Everything you wanted to know about Cohort, the newest networking tool
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Everything you wanted to know about Cohort, the newest networking tool

22 Nov 2017

Cohort has entered the networking fray with a new app to help you find the most powerful connections in your contact list.

The digital age has heralded a new way to forge relationships, and with it a new way to make essential connections for your career.

Social media has become almost essential to the job search process, with sites such as Facebook and Twitter attempting to implement a job search feature and a perfect LinkedIn profile being almost tantamount to a killer CV.

Cohort is the latest addition to the arsenal of networking tools at your disposal, and explains that the world is “no longer a place where professional and personal relationships be kept separate”.

The new app, developed by Irish start-up backer Eamon Leonard and a team tucked away in a Temple Bar loft, is going toe-to-toe with LinkedIn and hopes to unseat it from the networking throne.

How it intends to do this is by tapping into a feature that other networking social networks have arguably fallen short on – not only compiling, but understanding the relationships people have.

Cohort takes its name from this core principle, that within your expansive social networks there is a true ‘cohort’ comprising the people who you’d be willing to stick your neck out for and vice versa.

When you open the app, Cohort first prompts you to either create account or join via Twitter. It then crawls your social media and attempts to identify the members of your ‘cohort’.

It achieves this by “conducting network analysis, detecting areas of interest and potential expertise, by looking at publicly available data”.

The app then highlights the people that you could trust to give you advice or ask for an introduction to someone you think may be able to help you advance your career.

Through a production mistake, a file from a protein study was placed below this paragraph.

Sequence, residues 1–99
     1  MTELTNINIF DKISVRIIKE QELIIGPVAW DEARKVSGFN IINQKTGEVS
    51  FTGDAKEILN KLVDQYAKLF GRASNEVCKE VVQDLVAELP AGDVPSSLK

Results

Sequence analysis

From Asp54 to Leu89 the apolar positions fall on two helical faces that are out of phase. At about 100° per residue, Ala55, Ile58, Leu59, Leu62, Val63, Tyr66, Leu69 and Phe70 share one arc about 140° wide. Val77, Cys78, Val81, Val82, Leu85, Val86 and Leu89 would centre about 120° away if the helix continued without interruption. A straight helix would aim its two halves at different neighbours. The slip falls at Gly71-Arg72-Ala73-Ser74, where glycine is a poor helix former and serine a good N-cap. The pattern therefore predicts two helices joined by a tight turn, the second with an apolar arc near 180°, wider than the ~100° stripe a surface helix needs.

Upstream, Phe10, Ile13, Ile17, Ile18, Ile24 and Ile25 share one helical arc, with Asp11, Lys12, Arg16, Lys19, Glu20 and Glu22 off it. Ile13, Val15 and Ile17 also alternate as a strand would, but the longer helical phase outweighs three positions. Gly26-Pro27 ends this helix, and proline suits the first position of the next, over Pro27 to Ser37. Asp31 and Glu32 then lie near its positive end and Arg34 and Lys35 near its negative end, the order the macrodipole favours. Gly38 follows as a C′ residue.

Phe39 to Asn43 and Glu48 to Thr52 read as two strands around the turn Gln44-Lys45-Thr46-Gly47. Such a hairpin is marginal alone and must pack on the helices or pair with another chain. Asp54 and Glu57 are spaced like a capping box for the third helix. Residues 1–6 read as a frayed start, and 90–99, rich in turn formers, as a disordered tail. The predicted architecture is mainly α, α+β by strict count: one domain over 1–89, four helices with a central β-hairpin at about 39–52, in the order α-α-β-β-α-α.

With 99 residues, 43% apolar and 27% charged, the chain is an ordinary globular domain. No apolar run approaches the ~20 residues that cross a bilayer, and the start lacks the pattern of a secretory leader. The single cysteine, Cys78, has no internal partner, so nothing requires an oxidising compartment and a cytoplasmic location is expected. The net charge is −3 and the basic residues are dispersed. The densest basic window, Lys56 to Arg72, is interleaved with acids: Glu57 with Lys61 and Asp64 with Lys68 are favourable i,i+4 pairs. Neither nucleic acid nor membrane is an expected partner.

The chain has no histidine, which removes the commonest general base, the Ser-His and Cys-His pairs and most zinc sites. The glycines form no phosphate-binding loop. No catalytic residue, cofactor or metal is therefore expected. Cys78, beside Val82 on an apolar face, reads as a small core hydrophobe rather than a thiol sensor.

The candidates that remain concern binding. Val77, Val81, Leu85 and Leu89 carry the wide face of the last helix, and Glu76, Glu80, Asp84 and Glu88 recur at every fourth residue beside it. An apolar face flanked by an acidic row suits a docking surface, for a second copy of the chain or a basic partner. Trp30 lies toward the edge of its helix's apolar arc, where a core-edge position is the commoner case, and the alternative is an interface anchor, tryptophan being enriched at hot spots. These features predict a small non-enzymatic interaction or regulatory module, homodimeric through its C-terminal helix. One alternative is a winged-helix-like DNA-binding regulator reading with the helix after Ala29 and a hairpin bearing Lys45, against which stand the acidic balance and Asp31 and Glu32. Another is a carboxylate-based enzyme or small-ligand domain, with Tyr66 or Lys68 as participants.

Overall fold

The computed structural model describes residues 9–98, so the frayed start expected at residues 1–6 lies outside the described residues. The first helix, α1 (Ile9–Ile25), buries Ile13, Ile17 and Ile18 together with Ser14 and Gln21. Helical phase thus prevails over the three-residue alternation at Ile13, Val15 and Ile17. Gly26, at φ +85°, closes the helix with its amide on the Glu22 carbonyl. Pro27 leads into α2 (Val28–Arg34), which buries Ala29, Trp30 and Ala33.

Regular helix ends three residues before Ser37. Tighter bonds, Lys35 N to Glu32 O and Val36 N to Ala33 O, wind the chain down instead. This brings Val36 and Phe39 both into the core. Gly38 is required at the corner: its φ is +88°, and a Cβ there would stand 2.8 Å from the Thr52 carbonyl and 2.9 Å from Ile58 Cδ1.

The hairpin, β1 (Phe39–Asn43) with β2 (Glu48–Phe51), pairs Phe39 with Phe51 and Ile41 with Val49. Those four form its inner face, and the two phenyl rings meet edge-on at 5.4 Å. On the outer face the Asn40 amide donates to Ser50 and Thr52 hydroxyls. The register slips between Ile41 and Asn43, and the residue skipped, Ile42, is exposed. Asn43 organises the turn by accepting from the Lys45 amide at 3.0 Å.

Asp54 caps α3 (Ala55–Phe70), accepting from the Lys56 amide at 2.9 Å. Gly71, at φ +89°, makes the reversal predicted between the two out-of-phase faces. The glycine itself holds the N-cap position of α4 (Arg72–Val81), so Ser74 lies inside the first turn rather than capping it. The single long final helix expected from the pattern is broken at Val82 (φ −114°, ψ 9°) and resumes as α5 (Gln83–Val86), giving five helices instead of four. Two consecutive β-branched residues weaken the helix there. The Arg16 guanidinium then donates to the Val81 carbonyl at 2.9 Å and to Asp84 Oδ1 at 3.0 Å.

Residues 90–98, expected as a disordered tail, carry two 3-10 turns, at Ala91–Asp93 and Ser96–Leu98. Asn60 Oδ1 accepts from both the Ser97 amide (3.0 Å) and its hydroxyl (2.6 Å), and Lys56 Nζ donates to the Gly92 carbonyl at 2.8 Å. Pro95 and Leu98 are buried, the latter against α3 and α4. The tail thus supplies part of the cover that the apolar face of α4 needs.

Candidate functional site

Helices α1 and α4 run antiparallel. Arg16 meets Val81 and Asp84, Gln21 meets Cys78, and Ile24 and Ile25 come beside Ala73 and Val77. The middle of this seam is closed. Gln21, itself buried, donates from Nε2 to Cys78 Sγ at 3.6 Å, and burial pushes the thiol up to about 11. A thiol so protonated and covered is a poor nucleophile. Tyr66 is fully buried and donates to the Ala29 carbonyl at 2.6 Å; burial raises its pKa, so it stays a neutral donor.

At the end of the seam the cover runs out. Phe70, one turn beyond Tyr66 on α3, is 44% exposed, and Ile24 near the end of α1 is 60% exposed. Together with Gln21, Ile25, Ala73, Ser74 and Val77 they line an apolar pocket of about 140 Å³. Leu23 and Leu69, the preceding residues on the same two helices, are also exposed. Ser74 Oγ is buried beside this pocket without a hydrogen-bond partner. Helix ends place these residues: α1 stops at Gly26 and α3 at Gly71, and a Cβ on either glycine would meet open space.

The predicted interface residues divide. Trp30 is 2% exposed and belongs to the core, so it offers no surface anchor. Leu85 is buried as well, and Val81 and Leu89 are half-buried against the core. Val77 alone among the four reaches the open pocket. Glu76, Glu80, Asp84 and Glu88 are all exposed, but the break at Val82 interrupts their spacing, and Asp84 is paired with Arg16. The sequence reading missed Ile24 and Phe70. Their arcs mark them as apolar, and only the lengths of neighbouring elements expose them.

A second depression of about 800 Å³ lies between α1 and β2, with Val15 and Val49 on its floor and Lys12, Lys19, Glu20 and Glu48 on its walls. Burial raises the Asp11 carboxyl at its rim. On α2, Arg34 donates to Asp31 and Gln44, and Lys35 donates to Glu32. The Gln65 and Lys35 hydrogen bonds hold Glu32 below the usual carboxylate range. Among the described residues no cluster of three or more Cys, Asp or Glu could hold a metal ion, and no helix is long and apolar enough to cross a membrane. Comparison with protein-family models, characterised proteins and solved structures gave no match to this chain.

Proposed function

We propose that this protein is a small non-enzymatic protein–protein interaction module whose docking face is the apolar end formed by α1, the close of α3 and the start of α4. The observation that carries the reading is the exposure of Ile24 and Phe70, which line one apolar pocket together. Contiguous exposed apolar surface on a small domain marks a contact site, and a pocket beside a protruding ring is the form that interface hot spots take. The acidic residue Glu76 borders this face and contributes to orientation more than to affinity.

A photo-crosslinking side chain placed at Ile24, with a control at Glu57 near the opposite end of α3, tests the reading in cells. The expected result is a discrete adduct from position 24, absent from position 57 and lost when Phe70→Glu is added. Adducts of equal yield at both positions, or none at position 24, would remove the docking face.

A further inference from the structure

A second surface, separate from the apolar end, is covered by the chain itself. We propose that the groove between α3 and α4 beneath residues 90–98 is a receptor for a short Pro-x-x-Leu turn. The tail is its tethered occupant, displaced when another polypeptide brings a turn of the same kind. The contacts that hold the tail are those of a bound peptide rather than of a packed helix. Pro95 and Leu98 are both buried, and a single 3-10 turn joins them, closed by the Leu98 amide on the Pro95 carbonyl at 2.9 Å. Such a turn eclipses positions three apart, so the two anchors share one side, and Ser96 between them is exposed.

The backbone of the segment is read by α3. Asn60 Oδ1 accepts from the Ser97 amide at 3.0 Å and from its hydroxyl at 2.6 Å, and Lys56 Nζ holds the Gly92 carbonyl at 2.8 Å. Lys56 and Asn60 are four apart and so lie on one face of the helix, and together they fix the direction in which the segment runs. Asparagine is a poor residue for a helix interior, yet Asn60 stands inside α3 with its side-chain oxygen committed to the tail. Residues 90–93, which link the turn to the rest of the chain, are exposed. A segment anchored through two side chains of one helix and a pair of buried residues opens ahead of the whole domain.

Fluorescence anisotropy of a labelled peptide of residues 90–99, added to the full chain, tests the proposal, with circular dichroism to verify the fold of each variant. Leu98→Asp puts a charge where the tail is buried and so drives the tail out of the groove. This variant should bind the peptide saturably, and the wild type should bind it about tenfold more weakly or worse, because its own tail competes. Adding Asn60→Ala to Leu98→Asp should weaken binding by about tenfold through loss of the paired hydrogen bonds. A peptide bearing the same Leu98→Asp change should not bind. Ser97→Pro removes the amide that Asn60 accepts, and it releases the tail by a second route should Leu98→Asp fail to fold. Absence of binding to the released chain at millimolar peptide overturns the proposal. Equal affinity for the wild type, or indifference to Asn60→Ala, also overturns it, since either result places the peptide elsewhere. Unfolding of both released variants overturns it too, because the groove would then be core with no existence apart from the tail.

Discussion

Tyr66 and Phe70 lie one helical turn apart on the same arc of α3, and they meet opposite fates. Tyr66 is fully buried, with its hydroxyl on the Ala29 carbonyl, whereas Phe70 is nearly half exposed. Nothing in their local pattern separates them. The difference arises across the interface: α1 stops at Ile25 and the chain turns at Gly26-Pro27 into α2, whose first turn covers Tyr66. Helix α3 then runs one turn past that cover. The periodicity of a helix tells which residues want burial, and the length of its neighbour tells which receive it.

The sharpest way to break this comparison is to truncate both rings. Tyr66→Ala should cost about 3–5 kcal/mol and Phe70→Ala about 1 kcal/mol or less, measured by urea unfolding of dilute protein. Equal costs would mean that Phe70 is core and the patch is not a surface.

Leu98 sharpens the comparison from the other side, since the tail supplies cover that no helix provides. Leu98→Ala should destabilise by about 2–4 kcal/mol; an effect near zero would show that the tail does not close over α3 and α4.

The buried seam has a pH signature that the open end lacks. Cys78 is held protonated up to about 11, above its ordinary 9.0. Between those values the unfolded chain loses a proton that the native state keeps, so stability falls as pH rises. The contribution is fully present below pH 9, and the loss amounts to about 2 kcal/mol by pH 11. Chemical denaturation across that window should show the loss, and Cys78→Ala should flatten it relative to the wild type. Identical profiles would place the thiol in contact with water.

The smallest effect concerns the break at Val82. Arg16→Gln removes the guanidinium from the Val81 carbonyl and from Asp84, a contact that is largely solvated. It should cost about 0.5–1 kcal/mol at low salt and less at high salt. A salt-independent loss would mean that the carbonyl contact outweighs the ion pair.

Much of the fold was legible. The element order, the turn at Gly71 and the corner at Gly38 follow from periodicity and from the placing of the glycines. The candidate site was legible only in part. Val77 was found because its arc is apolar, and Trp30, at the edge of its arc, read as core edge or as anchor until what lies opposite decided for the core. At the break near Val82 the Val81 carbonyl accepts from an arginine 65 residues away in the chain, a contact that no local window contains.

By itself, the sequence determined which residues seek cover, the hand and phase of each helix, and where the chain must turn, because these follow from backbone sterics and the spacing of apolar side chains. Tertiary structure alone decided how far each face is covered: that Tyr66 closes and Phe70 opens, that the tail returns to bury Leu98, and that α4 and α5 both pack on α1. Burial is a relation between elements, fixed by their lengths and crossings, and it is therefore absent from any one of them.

The free version of the app is open to all individuals and organisations of fewer than 50 individuals, while the premium version is available to larger organisations and community cohorts.

Leonard has said the idea is rooted in a desire to effectively graph social capital, and in this case they define‘social capital’ as your ability to ask a favour of someone.

To analyse the information, Cohort’s data leader Dr Eoin Hurrell explained in a Medium post, the team created a data ingestion pipeline using Kafka, which crawls “social graphs, both actively (when a user signs up) and passively”.

The company then uses machine learning models to augment the search experience. “Semantic understanding of text with interest-focused natural language processing models is used to help understand the areas of interest a social profile describes itself with or talks about in its feed.”

The app ultimately becomes more effective the more it is interacted with, as opposed to the more data it mines from other sources.

All in all, the app is an interest-piquing marriage of networking tools and the field of data science, the former of which has arguably been crying out for some fresh innovation and the latter of which is only growing and deepening in leaps and bounds.

Updated at 4:22pm, 22 November 2017: This article was updated to clarify a statement made about Cohort’s premium plan. The article previously stated that premium membership is required if one’s network exceeds 50 people. We have clarified that it is only required for organisations that exceed 50 members.

Eva Short
By Eva Short

Eva Short was a journalist at Silicon Republic, specialising in the areas of tech, data privacy, business, cybersecurity, AI, automation and future of work, among others.

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